Controversial shootings by police lead to a national outcry and a range of reforms that reduce police killings of suspects by half. Sound like a pie-in-the-sky hope for the future? It’s precisely what happened in the 1970s and ’80s.
America’s virtually forgotten success at reducing gun violence by police is recounted in a new article by Lawrence Sherman, a criminologist at the University of Maryland. Sherman documents that police violence against crime suspects was a major civil rights issue in the late 1960s, highlighted most vividly by Chicago Mayor Richard Daley’s order for police to fire at looters during the 1968 riots.
Under the influence of reform-minded police chiefs such as Patrick Murphy in Washington and later in New York City, the 1970s brought dramatic changes in the training, supervision and monitoring of big-city police officers. Many cities banned police from shooting at fleeing nonviolent suspects, firing warning shots into the air or shooting at cars.
Sherman credits Murphy with “establishing the equivalent of a National Transportation Safety Board to conduct a formal inquiry on every single firearms discharge.” Officers who fired their weapon were interviewed afterward by a panel of firearms trainers and other senior officials with the power to impose punishment for breaking rules but just as importantly to determine why the shooting happened and how training should change in response. Other chiefs copied Murphy’s model.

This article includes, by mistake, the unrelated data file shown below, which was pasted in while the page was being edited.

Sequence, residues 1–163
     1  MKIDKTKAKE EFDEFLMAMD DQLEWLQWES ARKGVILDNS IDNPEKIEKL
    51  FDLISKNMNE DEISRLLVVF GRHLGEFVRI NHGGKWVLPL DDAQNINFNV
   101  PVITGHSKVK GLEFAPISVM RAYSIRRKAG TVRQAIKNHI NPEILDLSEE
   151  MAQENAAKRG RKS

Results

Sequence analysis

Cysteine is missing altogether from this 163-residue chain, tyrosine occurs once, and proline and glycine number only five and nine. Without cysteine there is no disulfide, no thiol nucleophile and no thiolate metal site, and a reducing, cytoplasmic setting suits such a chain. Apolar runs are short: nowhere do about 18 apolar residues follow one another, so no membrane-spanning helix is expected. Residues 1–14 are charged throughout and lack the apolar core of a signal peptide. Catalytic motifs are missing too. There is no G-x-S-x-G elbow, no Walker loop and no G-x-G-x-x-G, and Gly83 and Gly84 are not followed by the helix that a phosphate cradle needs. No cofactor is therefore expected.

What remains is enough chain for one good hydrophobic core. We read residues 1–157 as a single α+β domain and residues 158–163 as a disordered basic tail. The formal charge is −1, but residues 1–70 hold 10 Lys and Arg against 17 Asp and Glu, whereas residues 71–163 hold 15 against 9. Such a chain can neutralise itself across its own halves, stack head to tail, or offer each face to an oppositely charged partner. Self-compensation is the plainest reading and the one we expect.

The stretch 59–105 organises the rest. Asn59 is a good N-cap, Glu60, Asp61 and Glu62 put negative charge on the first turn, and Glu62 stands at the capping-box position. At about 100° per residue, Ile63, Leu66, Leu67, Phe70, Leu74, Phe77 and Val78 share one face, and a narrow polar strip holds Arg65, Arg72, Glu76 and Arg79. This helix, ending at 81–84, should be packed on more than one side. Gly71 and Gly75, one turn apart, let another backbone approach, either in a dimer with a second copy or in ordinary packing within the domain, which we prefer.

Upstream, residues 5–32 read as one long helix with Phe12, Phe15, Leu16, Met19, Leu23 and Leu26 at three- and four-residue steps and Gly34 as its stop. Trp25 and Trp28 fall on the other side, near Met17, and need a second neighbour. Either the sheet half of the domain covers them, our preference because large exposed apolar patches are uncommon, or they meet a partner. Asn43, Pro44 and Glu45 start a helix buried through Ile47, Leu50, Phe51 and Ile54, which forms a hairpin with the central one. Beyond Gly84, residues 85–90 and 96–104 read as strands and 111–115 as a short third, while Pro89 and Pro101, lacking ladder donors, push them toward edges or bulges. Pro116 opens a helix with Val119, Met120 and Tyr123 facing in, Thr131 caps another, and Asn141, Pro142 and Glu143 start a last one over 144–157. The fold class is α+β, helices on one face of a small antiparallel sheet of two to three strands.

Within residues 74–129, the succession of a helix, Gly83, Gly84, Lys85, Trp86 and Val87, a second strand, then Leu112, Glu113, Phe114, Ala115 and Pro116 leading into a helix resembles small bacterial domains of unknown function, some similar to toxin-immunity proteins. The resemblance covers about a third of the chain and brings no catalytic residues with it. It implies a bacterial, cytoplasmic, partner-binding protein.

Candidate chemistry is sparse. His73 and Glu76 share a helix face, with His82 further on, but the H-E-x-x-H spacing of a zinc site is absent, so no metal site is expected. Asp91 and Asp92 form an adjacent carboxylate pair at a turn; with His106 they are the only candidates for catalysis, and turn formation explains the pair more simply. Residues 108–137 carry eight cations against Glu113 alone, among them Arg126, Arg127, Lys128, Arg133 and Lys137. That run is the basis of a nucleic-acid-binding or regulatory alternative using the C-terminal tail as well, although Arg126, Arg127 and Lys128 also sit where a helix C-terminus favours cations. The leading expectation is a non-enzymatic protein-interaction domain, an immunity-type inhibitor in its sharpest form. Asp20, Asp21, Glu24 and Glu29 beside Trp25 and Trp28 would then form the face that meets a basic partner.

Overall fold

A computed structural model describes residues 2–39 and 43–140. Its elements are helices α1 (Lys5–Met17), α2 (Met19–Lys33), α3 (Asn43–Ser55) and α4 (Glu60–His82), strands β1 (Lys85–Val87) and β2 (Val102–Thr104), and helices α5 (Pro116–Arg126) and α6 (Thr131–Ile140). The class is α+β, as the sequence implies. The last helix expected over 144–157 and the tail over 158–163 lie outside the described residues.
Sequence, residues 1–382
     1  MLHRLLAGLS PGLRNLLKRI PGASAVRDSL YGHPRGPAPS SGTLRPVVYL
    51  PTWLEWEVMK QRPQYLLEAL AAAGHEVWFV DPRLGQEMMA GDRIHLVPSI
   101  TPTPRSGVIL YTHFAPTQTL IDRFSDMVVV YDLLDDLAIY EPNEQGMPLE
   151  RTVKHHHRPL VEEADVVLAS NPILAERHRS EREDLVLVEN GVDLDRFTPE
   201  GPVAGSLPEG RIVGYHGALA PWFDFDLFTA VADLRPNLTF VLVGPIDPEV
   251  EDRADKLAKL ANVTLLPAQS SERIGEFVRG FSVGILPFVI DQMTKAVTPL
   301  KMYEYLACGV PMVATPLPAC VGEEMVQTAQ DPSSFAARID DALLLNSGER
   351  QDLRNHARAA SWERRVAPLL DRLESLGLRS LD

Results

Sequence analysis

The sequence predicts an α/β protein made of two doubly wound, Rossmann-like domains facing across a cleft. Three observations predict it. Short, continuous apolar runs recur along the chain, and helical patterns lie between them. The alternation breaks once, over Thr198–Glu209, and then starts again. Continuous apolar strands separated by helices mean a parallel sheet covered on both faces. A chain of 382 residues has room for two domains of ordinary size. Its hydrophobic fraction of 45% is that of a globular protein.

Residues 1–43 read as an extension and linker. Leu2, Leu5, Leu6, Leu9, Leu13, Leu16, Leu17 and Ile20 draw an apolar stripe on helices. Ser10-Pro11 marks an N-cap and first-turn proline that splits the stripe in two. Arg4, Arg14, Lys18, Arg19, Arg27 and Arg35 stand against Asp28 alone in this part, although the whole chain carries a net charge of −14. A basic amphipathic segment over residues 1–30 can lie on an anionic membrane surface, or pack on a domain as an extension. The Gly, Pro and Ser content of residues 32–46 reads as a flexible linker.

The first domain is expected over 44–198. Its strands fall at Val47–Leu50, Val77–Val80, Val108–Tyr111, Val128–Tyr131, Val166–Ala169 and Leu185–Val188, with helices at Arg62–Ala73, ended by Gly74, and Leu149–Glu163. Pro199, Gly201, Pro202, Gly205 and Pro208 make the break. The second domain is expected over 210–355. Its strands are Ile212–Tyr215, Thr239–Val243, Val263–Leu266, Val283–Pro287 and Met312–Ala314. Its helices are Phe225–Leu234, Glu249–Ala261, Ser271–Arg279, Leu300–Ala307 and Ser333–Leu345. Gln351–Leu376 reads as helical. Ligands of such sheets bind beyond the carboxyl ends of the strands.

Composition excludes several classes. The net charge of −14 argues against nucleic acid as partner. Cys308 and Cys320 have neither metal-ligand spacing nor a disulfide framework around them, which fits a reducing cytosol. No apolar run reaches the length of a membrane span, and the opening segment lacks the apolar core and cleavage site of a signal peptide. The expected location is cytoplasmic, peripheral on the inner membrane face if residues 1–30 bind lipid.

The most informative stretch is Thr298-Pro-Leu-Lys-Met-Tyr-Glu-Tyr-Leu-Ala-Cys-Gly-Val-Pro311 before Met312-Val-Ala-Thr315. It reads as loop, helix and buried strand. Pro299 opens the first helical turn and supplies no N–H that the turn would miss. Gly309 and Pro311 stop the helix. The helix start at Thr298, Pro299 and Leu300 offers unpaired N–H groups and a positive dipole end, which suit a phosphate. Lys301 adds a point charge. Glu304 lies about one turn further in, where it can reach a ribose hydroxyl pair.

One of the review board’s recommendations, Sherman notes, “was to convert annual refresher firearms training from target practice to role play simulations with actors in a mock apartment building, in a series of shoot-don’t shoot scenarios, mock guns drawn.” Police learned through such training to defuse many situations that previously would have led to gunfire.
Academic research was also critical in demonstrating that fewer shootings by police did not translate into greater risk of violence toward officers. It also helped immeasurably that police departments began to treat a lack of police shootings as a reason to promote an officer rather than a sign that he or she was insufficiently tough.
Police killings of suspects declined by half nationally from 1970 to 1985, with even larger changes in big cities such as New York, which had an 88 percent decrease. The principal beneficiaries of this change were black Americans. After rising as high as 7 to 1, the rate at which black versus white suspects in large cities were killed by police declined to 2.8 to 1 by the end of the 1970s.
With the rise of crack cocaine, an increase in police departments switching from revolvers to semiautomatic pistols and a 1989 Supreme Court decision expanding the immunity of police who harm suspects, killings by police began to rise in the 1990s. And today, they are at least as much a focus of national outrage and agony as they were in the late 1960s.
Turning back the tide of killings by police should be easier this time around because successful strategies for doing so were developed and widely employed only a generation ago. A few city police departments, for example in Camden, New Jersey, are wisely reviving some of the changes of that time period. Many more should follow their example.
Keith Humphreys is a Professor of Psychiatry at Stanford University and is an affiliated faculty member at Stanford Law School and the Stanford Neurosciences Institute.